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The region is significantly underrepresented in clinical development activity targeting childhood cancer.
Despite contributing to pioneering work in childhood cancer, exemplified by the first description of Burkitt lymphoma nearly 50 years ago,1 Sub-Saharan Africa (SSA) has since lagged behind. In contrast to cure rates of more than 80% in high-income countries (HICs), in many parts of SSA, less than 20% of children with cancer are cured. With SSA bearing 30% of the global burden of childhood cancer, addressing this disparity in cure rates is critical.2 Enrollment in high-quality sequential clinical trials that are refining interventions over time has helped drive the success achieved against childhood cancer in HICs. To date, only two active childhood cancer clinical trials from SSA are registered.3
The Medline database contains only 13 childhood cancer publications from clinical trials in SSA, of which indigenous SSA senior authorship was less than 20%. Clearly, SSA is underrepresented in pediatric oncology clinical trial activity, and this may have a bearing on dismal childhood cancer outcomes in the region.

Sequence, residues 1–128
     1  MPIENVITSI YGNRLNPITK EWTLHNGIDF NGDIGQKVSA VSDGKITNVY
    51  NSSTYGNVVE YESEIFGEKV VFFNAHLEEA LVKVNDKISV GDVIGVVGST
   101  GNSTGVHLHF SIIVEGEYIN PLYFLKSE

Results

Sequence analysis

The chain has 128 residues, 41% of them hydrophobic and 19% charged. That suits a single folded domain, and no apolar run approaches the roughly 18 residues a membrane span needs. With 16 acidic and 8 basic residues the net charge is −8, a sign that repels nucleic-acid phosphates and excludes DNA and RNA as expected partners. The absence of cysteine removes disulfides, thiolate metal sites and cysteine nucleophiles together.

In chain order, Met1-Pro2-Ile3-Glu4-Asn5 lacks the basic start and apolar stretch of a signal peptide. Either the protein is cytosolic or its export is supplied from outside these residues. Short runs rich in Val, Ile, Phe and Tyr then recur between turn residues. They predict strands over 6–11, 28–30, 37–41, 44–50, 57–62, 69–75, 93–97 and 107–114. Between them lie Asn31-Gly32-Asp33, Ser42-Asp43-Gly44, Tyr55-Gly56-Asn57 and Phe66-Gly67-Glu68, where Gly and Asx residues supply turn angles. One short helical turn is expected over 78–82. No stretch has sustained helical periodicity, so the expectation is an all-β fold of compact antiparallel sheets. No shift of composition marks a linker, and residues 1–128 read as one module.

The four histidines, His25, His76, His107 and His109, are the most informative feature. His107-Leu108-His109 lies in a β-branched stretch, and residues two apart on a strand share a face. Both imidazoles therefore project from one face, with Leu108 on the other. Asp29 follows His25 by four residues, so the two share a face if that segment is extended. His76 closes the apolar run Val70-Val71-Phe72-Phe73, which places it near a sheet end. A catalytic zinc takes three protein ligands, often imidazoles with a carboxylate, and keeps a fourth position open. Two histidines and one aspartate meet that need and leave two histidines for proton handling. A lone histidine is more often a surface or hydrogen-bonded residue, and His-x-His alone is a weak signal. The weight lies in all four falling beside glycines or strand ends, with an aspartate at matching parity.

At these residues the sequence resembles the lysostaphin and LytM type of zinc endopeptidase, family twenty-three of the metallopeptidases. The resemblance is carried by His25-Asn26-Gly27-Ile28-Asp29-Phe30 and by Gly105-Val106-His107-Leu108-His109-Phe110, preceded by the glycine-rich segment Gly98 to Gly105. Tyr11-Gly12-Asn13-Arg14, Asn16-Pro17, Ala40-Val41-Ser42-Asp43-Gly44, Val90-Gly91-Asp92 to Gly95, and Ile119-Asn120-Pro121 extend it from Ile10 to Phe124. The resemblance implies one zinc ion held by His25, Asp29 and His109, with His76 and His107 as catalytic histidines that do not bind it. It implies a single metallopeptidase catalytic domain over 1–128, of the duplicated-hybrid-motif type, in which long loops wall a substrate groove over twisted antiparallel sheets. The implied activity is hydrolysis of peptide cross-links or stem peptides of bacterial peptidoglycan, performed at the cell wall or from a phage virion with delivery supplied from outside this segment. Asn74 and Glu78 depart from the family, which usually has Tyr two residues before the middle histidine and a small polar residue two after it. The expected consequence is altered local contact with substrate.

The need for childhood cancer-focused clinical trials in Sub-Saharan Africa
The need to improve outcomes of childhood cancer in SSA calls for the introduction of effective and safe interventions. Robust locally generated evidence does not exist for most cancer treatments in SSA.2 The evidence obtained from clinical trials conducted in HICs may not be fully generalizable to SSA due to the significant
host/patient and healthcare system differences between HICs and SSA.
Host: As a result of poor or delayed access to quality diagnostic services, children in SSA are more likely to be diagnosed at a more advanced stage of disease. There is also a higher prevalence of comorbidities such as malnutrition, HIV, and other tropical infections. Moreover, the ethnic differences between children in HICs and SSA may mean that they are not biologically comparable to allow generalizability of trial data from HICs to SSA.